The dragon is roaring again! China's rallied another 2.4 percent overnight; the market is in the midst of a 4-day upswing that has seen the index rise 6 percent to close at the highest levels this year.
Chinese economic data have been improving recently, fueling the rally and spilling over into Hong Kong's market. The is now at the highest level since 2011.
1) Taking out the competition. That's what happened today in two deals: one in real estate, the other in retail:
a) A real estate mega-deal is in the making with Zillow buying Trulia. Trulia shareholders will get .44 shares of Zillow stock. That translates into a share price of $69.96, roughly 25 percent above Friday close. Trulia shareholders will own about 33 percent of the combined company.
What's interesting is how powerful the combined entity would be: the online competition appears to be fairly minimal. True, realtor.com (the official site of the National Association of Realtors, operated by MOVE) is out there, but little else.
Twenty years ago, when I was the Real Estate Correspondent for CNBC, I reported frequently about how the growth of online real estate listings would allow people to sell their own homes and would dramatically cut down Realtor commissions (disclosure: my wife has been a Realtor since the 1980s).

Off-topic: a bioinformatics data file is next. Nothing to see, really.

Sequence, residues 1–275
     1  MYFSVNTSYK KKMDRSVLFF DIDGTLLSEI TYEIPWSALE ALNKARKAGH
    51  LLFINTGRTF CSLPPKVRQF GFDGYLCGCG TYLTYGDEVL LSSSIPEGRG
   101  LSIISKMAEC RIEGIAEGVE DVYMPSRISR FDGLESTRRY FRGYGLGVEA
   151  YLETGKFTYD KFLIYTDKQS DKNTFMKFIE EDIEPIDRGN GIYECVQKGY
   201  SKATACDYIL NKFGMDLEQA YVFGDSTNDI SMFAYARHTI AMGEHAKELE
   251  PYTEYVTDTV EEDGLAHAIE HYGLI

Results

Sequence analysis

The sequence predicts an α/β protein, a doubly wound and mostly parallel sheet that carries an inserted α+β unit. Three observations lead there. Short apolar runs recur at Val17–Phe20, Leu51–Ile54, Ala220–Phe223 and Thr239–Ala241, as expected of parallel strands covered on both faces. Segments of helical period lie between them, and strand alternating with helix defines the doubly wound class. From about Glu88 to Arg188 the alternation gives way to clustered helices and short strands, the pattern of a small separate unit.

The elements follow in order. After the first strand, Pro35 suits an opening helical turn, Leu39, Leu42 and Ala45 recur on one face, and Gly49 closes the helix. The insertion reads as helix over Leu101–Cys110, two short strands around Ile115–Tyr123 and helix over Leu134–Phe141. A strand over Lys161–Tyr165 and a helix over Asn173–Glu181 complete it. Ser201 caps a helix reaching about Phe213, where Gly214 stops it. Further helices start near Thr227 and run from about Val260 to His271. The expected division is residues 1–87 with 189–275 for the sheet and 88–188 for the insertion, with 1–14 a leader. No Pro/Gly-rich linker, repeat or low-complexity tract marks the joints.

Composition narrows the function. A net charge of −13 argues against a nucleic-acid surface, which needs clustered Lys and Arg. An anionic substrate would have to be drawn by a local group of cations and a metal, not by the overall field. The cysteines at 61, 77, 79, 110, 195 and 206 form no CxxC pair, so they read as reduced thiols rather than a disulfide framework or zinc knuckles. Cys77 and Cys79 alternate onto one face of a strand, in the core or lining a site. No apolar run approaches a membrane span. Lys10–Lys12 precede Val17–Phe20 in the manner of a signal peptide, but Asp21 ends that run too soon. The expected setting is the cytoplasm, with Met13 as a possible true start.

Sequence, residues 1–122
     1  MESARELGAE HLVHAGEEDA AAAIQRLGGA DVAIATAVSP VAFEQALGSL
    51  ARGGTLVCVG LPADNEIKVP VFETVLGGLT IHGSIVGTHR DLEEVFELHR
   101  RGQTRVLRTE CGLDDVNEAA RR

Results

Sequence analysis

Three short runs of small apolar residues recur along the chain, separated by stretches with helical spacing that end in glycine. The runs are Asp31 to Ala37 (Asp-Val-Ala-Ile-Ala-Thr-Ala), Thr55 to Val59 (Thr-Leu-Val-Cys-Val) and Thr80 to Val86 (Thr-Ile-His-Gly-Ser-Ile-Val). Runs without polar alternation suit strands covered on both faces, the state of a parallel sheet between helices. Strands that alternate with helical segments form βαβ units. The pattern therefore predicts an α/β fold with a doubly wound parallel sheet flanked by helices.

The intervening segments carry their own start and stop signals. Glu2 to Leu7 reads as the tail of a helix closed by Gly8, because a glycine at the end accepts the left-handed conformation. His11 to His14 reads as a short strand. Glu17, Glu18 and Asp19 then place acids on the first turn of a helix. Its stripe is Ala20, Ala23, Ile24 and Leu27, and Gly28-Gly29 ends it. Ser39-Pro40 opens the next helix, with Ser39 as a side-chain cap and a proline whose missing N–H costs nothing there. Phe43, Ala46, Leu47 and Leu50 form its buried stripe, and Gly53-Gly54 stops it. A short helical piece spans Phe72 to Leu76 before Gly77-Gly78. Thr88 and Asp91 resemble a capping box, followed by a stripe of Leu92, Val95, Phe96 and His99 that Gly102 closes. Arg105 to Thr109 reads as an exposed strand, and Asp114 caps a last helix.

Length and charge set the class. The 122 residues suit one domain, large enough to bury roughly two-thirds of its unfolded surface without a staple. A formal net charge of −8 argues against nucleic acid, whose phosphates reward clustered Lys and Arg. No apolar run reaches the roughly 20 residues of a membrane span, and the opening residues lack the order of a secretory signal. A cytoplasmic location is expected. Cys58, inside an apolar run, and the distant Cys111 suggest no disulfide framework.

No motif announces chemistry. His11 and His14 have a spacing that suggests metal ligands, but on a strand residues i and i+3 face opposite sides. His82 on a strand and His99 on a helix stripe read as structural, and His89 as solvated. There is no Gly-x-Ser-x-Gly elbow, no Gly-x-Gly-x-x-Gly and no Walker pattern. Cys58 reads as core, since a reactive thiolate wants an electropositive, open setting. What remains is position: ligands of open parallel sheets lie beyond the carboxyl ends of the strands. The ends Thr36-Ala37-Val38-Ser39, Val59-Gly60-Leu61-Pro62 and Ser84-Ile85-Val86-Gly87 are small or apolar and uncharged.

But commissions never did collapse: they are still 5 or 6 percent. There are two reasons for this: first, it is very difficult for most people to sell their homes by themselves, and second; companies like Zillow are not trying to cut out realtors, or reduce their commission. They are doing the opposite: they want more Realtors to pay the roughly $300 a month to advertise on the site.
And that's where the combined Zillow-Trulia company could be a concern: they would most likely raise their prices. Realtors who have stopped advertising in local newspapers and who now depend on online advertising would have few options. Sure many still send out farm letters, but many have stopped advertising in local newspapers.
2) Europe is gradually moving toward sanctioning Russia. The European Union appears willing to go beyond freezing assets, and is now considering imposing additional sanctions on whole sectors of the Russian economy. According to the FT, the new sanctions would ban Europeans from participating in the sale of new stocks or bonds of large Russian state-owned banks; bar exports of deep-sea drilling equipment used by Russian energy companies; and impose an embargo on all weapons sales.
--By CNBC's Bob Pisani